When You Can’t Respect Their Wishes

when you can't respect their wishes...You want to respect your loved one’s wishes and her independence. But what do you do if it’s simply unsafe for her to continue living at home, yet she refuses to move? How can you do what’s best for her without running roughshod over her?

Here, Patricia Maisano, founder and chief innovation officer of IKOR International, an advocacy and life management organization for seniors and individuals with disabilities, offers insight into making tough decisions when a loved one’s health and safety are at stake.

Dealing with a Difficult Situation

Maisano shares the story of a 75-year-old, unmarried woman—we’ll call her Grace—who lived alone in the house in which she grew up. The three-story house had no bathroom or bedroom on the first floor, which posed a problem because of Grace’s poor vision. Consequently, she had been sleeping on the first-floor sofa for five years. Though her nieces and nephews gave her a porta potty to use on the first floor, she was still having a lot of accidents.

Clearly, the situation was reaching a breaking point: “She could not continue to live in that house,” affirms Maisano.

But the nieces and nephews didn’t want to make their aunt angry. Grace was the matriarch, and “she was ruling the family with an iron fist,” says Maisano.

So they hired IKOR to help them navigate the situation. They worried that moving might “kill” her, but Maisano pointed out that Grace could suffer tragedy right there in her own house by falling down the stairs.

“The right thing is to keep her safe, and to give her input,” Maisano explained to them.

Taking Grace’s Needs into Account

Thus began the search for the right place for Grace. Her bedroom at home overlooked a brick wall and featured sounds of the city, so Maisano looked for a senior living community with the same features—a place that would feel like home.

What’s more, they decided to bring Grace’s bedroom furniture as well as the sofa she’d been sleeping on for five years. That way, Grace could be the one to make the choice to leave the tattered sofa and sleep in her bed when she was ready.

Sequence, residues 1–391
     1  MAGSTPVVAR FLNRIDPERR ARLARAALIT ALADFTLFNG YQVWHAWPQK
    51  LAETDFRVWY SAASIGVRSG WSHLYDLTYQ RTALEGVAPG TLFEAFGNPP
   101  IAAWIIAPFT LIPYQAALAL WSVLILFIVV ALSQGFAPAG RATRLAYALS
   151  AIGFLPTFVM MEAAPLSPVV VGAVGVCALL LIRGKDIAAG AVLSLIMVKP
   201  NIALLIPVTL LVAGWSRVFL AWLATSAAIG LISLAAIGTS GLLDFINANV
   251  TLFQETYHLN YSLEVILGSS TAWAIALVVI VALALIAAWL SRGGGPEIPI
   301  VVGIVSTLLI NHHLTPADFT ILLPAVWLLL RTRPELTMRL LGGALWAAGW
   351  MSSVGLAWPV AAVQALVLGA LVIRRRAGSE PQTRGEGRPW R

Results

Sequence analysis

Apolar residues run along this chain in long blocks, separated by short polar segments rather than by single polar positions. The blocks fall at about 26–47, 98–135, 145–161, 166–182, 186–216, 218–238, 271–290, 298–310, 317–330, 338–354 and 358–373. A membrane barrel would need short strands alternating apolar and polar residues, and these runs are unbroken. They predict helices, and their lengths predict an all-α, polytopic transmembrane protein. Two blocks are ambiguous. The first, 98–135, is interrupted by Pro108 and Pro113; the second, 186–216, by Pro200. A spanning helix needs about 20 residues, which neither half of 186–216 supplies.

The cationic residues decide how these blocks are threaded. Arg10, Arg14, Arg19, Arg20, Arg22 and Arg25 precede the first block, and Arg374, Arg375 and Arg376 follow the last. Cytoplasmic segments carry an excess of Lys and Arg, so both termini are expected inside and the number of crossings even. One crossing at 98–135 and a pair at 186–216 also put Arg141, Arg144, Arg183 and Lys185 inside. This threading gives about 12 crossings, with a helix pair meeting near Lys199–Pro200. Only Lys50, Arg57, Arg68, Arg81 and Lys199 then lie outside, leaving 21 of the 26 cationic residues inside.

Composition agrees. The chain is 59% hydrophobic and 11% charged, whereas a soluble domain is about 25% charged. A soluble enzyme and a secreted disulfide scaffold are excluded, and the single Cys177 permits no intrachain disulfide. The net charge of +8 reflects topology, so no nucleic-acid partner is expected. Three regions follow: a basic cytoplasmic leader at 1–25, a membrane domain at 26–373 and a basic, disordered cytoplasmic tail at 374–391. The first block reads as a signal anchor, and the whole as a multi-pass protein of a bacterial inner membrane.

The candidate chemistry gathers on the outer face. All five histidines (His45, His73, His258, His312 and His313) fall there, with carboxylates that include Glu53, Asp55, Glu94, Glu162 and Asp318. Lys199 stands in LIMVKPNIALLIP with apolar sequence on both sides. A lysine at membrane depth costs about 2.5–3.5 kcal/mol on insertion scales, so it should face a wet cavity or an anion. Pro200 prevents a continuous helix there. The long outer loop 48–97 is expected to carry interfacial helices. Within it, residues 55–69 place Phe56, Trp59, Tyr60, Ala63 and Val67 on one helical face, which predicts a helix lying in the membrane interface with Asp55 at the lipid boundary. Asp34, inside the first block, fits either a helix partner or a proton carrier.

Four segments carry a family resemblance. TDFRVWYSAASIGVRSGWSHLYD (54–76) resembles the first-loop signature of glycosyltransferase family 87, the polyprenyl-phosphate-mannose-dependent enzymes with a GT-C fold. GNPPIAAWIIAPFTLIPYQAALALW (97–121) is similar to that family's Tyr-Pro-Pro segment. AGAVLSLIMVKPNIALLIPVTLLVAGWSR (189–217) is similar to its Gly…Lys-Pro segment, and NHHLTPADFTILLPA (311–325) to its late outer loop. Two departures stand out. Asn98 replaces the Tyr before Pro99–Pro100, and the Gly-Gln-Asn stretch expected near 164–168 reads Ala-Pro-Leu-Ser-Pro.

“You have to agree to let her sleep on the sofa if that’s what she wants to do,” Maisano told the community, explaining that it was important for Grace to retain some decision-making power.

Making the Move

Once all the plans were in place, IKOR let Grace know what was happening.

“An hour before the moving company came, we told her, ‘You can’t live here anymore, but we’ve found a place for you. What furniture would you like to take with you?’” recounts Maisano.

Though Grace wasn’t happy about the move, she complied and told IKOR exactly what she wanted to take.

Of course, it would have been ideal for the family to have had these conversations with Grace beforehand. But in difficult situations like this one, that’s not always realistic.

Handling Family Dynamics

Interestingly, the nieces and nephews were not on the scene while all this was happening. IKOR arranged for them to show up an hour after the movers came. That way, they wouldn’t have to be the object of their aunt’s wrath, and could instead defer to the experts who made the decision for Grace’s well-being.

In addition, Maisano instructed the family to leave town for the first few days, and not even be available to Grace by phone. During that time, IKOR kept an eye on her to make sure she was being properly cared for. When the family returned they kept trying to call Grace’s room, but she was never there. After phoning the nurses’ station to find her, they learned she was always out playing Bingo or watching movies.

In short, Grace was doing just fine—not that she would admit it to her family. “She’ll say she’s miserable, so you’ll have to accept that role for now,” warned Maisano.

The bottom line? It’s not easy to be the “bad guy” at the receiving end of an angry tirade or guilt trip. But Grace’s family loved her too much to let her stay in a home that was unsafe. With the help of registered nurse advocates, they helped their aunt move to a senior living community where she would be healthy and safe—and keep her dignity intact.

WEIGH IN: How do you walk the line between respecting your loved one’s wishes and keeping her safe?

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One comment on “When You Can’t Respect Their Wishes
  1. Christine Bothwell E Bothwell says:

    I have a brother in law, he’s been living in my house for over a year, he can barely walk and can’t take care of himself. I have become increasingly concerned about his health as I work 3rd shift and can not be here 24/7 he insists on making his own food including frying whatever and refuses to not use my stove. My concern is that since he can barely walk and is prone to falling that he might burn the house down. He’s broken a pelvic bone once a year and a hip all this 3 years in a row. He’s also diabetic and prone to blood sugar drops that makes things dangerous for him to live alone. I’ve been feeling extremely bad about telling him he needs to find other care as I am feeling unable to continue to care for him as his condition worsens.

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